Answer With Love

“Behold, I am the handmaid of the Lord.
Be it done to me according to your word.”

From Luke 1:26-38

The phone rang once too many times today. Each caller needed something that seemingly only I could provide. Though I am truly humbled that others depend on me, today I ask to be depended upon a little less. I am tired. Three books lie waiting for me to read them. In November, I had shoulder surgery and my recovery continues to monopolize my life. Ugh! There goes that phone again!

I am grateful that Abby called. Our granddaughters’ sitter is ill, and Grandpa and I are needed to fill in tomorrow. Of course my husband and I will make the hour drive in the morning. Of course we will stay as long as we are needed. Of course, we will enjoy every minute we spend with our granddaughters.

As I look over my calendar and prioritize what needs to be done, I notice that this is the Feast of the Annunciation. Hmmm. Mary responded far more generously to the life-changing request made of her than I have to the small requests made of me. I suddenly realize my good fortune. It is an amazing blessing to “be there” when others need me. Like Mary, we never know where our choices to help will lead us. Next time the phone rings, I will try to answer it with Mary’s selfless love.

Oh, Jesus, your mother Mary has given us the perfect example of living not for ourselves, but for you. I overlooked Mary’s lesson today until I heard Abby’s voice and remembered your mother’s words. Jesus, give me the strength to respond with love whenever I am needed, no matter who makes that call.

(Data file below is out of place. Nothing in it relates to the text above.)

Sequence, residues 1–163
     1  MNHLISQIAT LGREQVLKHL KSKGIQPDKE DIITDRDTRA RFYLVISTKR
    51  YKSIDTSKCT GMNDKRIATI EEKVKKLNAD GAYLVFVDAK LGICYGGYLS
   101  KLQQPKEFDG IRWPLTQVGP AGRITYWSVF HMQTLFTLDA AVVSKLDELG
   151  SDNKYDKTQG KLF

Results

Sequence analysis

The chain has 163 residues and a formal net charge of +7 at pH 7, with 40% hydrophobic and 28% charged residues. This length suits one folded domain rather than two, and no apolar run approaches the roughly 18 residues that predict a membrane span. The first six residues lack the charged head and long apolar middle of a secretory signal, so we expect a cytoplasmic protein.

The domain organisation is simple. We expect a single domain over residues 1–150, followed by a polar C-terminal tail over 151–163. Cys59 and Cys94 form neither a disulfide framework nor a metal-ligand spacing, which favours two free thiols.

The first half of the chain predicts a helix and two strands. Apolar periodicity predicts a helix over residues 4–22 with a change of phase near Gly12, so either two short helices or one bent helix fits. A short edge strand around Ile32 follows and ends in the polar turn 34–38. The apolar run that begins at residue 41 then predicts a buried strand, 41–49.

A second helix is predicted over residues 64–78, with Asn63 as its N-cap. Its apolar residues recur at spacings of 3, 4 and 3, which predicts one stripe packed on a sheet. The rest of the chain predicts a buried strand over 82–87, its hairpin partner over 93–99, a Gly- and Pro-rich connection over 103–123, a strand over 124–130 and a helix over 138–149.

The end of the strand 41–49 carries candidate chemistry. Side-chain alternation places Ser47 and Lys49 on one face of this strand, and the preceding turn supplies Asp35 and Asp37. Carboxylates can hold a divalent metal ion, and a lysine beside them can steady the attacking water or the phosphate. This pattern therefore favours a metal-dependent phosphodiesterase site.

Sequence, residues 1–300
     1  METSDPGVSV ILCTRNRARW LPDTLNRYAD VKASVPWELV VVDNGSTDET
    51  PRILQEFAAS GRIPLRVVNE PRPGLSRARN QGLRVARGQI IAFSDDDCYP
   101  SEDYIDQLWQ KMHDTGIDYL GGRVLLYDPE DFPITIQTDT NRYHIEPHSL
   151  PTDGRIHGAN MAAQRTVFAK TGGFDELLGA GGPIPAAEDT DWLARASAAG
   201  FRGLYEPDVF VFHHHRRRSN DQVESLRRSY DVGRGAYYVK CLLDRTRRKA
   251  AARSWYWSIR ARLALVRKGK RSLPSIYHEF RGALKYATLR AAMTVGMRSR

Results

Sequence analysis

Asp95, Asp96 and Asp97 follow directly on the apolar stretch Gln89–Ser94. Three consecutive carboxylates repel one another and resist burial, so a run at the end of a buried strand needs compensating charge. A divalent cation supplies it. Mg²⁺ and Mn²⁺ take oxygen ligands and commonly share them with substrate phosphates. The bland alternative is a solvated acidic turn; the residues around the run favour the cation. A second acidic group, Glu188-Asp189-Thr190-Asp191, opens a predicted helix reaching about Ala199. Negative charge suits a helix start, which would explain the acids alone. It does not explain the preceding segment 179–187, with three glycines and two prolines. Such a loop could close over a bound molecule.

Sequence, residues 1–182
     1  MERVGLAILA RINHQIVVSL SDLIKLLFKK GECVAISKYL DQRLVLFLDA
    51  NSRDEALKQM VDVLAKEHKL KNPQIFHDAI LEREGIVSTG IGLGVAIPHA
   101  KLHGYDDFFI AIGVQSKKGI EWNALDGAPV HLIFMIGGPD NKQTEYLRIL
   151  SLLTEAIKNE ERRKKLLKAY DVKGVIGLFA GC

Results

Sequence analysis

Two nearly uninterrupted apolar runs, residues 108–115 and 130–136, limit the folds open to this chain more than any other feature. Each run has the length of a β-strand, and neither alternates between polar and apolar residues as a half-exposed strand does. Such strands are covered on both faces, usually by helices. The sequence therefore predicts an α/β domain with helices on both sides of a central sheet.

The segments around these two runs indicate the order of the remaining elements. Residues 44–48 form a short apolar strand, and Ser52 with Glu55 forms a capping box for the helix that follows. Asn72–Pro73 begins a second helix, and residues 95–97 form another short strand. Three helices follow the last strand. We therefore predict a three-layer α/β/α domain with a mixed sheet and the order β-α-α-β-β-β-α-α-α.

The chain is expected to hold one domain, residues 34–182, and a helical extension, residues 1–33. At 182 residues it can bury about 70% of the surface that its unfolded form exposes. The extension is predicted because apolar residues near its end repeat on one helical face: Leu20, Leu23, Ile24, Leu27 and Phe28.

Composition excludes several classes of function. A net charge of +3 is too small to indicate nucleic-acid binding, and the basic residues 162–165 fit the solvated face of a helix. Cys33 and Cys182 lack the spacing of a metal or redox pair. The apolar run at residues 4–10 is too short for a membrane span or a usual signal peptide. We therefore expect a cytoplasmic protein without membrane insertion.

©2014 Mary Penich – All Rights Reserved

Saturday, Fourth Week of Easter

“Amen, amen, I say to you, whoever believes
in me will do the works that I do,
and will do greater ones than these…”

From John 14:7-14

My friend, John, talked about Mother Teresa before she had become known worldwide. John was a young priest who deeply respected this Albanian woman whose life inspired him so. Mother Teresa was drawn to the religious life very early on. After she entered the convent, she was eventually assigned to a high school in Calcutta. While teaching her students, she could not ignore the extreme poverty beyond the windows of her classroom. She was so moved by the need she saw there that she asked permission to devote herself to the poor. Mother Teresa eventually petitioned the pope for permission to found her own religious order which would be dedicated to serving those in the most dire poverty. Her mark upon this world of ours is undeniable.

John emulated Mother Teresa by truly living the spirit of poverty himself. He never drove a new car or owned a tailored suit. Though he eventually held an important and prestigious position in the archdiocesan seminary system, he never lost his flair for living the simple life. John always made time for those who needed him. John also did his best to make provisions for those in need -even the most difficult to love. When John passed away, we who knew him agreed that he was a very good man who emulated Mother Teresa and Jesus himself in all that he did. Perhaps John is our own saint-in-the-making.

Dear God, thank you for Mother Teresa, for John and for all of the good and generous souls who engage in the best of your work.